The law isn't even limited to "face-to-face conversations," Krages told the full court, requiring that "the person making the recording must inform any silent listeners to a conversation as well as those who speak." 

He said it was "often impossible and sometimes ill-advised" to announce when recording "hate speech, criminal activity, [or] child abuse," and the full court can't save the overbroad law simply by assuming "prosecutorial discretion will be exercised."

The conservative Liberty Justice Center urged the full court to takes its cues from Supreme Court decisions on sign codes in 2015 and 2022, striking down one that "treated ideological signs more favorably than political signs" and upholding the other while clarifying that "swapping an obvious subject-matter distinction for a 'function or purpose' proxy" has the same problem.

The public interest law firm rattled off a long list of specific situations in which the law doesn't apply to illustrate how thoroughly content-based it is, showing the law is not a permissible "time, place, or manner restriction."

FIRE's joint brief is signed by People for the Ethical Treatment of Animals, which has a "long history of conducting undercover investigations to expose cruelty to animals," and Animal Outlook, which shares undercover agribusiness recordings with "law enforcement officials so they have proof of crimes against animals."

University of Denver law professors Alan Chen and Justin Marceau, who wrote a "monograph studying the historical role of undercover investigations in promoting democracy," also signed. They received PETA "Justice for Animal" awards for assisting a legal challenge to Idaho's so-called ag-gag law in 2018.

"The gathering and dissemination of information about matters of public concern is no longer exclusively or even primarily the province of a small number of newspapers, journalists, or authors," they wrote. 

What's at stake is nothing less than the continued viability of the "citizen-journalist," whose interest is at the heart of the founders' conception of freedom of the press and whose work has never been less expensive to produce and find an audience, their brief says. 

The Supreme Court ruled conclusively that "audiovisual recording is speech," according to the groups, when in 2011 it struck down a Vermont law that prohibited pharmacies from disclosing and pharmaceutical companies from using "prescriber-identifying information for marketing purposes without a doctor’s consent."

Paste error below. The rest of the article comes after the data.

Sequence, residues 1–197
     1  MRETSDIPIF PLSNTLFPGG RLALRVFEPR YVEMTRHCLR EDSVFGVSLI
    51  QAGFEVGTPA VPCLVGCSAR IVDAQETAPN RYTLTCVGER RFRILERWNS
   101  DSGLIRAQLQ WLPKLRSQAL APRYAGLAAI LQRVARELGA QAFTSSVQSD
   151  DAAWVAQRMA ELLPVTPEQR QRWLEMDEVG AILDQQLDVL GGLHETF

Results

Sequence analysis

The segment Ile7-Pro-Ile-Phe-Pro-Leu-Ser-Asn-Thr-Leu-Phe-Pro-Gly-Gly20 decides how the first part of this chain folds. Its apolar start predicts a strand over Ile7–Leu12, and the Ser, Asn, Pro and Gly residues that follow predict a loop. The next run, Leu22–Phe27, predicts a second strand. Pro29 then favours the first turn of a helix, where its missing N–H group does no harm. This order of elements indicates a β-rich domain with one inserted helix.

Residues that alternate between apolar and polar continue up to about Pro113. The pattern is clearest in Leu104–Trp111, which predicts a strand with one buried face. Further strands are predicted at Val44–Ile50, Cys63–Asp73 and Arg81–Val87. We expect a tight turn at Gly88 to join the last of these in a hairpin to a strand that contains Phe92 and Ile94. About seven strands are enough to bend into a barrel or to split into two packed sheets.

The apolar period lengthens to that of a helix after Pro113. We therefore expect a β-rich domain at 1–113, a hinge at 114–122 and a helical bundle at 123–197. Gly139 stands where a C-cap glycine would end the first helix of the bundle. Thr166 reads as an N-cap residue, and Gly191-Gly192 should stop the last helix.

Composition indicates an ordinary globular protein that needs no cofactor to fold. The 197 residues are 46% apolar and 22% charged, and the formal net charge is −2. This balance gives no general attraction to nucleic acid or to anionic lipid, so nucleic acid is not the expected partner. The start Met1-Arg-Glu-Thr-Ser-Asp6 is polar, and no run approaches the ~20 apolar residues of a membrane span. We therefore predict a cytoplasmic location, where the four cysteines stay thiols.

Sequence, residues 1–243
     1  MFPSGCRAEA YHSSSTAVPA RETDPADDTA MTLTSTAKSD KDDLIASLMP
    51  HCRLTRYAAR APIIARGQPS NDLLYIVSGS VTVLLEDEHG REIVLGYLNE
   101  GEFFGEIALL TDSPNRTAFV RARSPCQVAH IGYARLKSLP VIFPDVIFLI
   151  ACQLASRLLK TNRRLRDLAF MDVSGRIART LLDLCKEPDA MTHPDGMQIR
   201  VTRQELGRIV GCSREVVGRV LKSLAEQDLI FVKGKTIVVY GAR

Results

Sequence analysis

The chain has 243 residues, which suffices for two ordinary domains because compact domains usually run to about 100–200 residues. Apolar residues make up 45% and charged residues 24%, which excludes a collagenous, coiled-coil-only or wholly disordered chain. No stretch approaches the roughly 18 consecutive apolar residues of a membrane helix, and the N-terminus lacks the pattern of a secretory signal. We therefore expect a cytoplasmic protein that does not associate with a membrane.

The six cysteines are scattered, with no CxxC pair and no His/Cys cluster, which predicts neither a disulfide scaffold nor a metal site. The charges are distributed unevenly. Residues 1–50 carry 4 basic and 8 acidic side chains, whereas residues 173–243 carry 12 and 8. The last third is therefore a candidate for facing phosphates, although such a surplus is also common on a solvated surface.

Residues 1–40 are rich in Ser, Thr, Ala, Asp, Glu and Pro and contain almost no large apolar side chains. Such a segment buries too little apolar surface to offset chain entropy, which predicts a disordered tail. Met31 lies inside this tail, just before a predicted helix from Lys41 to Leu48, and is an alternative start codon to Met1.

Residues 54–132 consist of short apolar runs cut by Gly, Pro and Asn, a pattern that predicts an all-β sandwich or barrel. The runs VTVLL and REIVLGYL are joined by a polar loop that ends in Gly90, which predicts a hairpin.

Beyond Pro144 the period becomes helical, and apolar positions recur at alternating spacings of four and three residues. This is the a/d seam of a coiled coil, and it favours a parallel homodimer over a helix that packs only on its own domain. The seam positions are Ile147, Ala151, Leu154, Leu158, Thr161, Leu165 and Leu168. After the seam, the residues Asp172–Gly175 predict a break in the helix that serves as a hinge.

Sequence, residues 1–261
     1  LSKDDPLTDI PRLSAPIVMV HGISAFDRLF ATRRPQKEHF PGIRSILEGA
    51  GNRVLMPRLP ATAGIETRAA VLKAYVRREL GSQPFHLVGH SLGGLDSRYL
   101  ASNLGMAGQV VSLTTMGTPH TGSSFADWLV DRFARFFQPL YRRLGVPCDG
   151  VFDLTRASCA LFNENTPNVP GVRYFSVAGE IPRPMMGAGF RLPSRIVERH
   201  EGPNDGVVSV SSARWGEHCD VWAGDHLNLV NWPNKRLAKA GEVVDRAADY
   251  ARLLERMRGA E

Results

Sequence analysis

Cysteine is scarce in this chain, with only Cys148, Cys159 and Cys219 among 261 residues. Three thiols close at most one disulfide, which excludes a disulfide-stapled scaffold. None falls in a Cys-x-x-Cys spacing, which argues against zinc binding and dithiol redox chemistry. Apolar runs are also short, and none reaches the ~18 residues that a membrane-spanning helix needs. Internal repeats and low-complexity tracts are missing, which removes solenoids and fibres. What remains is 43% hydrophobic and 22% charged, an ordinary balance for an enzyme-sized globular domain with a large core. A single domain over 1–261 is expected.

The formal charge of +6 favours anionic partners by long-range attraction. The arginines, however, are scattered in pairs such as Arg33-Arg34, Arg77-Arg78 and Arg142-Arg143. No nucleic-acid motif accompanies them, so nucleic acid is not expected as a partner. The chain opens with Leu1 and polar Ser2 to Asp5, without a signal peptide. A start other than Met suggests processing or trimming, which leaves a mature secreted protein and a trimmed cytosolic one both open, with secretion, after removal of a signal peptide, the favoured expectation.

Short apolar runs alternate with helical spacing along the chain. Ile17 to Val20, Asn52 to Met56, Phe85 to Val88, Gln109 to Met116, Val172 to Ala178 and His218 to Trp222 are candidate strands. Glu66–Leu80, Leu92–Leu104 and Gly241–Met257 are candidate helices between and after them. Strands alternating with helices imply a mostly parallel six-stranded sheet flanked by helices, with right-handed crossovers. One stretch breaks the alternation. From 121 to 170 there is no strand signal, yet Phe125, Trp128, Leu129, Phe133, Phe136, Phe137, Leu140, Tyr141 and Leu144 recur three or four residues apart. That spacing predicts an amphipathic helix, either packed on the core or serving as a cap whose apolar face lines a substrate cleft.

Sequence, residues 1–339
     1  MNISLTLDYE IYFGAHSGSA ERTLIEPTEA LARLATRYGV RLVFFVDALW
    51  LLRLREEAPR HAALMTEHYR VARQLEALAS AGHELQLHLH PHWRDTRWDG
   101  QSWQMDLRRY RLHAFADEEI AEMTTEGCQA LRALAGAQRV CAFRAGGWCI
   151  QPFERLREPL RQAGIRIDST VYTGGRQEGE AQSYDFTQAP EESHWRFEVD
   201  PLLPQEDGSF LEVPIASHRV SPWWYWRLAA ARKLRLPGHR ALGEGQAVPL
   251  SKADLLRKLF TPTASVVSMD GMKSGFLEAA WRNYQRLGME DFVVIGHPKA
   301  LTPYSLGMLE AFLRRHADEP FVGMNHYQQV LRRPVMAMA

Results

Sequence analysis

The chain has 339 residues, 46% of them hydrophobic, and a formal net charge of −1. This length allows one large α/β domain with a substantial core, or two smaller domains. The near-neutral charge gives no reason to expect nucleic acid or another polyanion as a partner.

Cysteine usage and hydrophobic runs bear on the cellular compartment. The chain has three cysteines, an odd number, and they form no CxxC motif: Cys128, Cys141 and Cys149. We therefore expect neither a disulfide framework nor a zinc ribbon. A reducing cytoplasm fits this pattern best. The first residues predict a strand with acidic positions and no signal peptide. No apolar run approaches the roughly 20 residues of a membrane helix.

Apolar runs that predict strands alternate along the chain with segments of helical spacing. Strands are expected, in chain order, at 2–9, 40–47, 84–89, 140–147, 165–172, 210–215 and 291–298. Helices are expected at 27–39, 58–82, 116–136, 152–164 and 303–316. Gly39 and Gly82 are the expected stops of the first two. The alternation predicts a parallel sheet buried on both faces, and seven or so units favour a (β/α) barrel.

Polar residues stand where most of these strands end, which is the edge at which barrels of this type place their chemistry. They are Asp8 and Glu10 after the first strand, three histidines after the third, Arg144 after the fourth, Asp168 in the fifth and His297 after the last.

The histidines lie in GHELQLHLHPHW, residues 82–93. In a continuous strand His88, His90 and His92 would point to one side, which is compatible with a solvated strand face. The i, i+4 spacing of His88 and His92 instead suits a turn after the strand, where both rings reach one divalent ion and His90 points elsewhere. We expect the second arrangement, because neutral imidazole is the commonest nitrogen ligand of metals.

The state allowed use of the information for medical research and its own "prescription drug education program," however.

The 6-3 ruling confirmed that governments cannot regulate speech based on its content "even if the speech is commercial in nature," as then-Justice Anthony Kennedy wrote. 

He quoted from its 1996 ruling that prohibits states from enacting "total bans on truthful commercial advertisements," which said the First Amendment "directs us to be especially skeptical of regulations that seek to keep people in the dark for what the government perceives to be their own good."

The Reporters Committee for Freedom of the Press backed the healthcare services provider challenging the law in a friend-of-the-court brief, citing the law's negative implications for "data gathering, analysis and publication … in journalism today."

The new instructions from the full court May 13 suggest it may revise a divided panel's precedent from the 2018 ruling against portions of Idaho's ag-gag law, which the Animal Legal Defense Fund challenged.

The Legislature passed the law following outrage about a "secretly-filmed exposé of the operation of an Idaho dairy farm" that went viral for its "disturbing" depiction of how cows were treated, but it impermissibly criminalized "misrepresentations to enter a production facility" and prohibited "audio and video recordings of a production facility’s operations," the court found.

The panel determined, however, that it permissibly criminalized "obtaining records … by misrepresentation" and "employment by misrepresentation with the intent to cause economic or other injury."

RCFP, American Society of News Editors, Wall Street Journal publisher Dow Jones, broadcasting giant E.W. Scripps, Society of Professional Journalists and many other media organizations and associations backed ALDF in a joint brief at the time.

Unlock unlimited access

  • No Ads Within Stories
  • No Autoplay Videos
  • VIP access to exclusive Just the News newsmaker events hosted by John Solomon and his team.
  • Support the investigative reporting and honest news presentation you've come to enjoy from Just the News.
  • Just the News Spotlight

    Support Just the News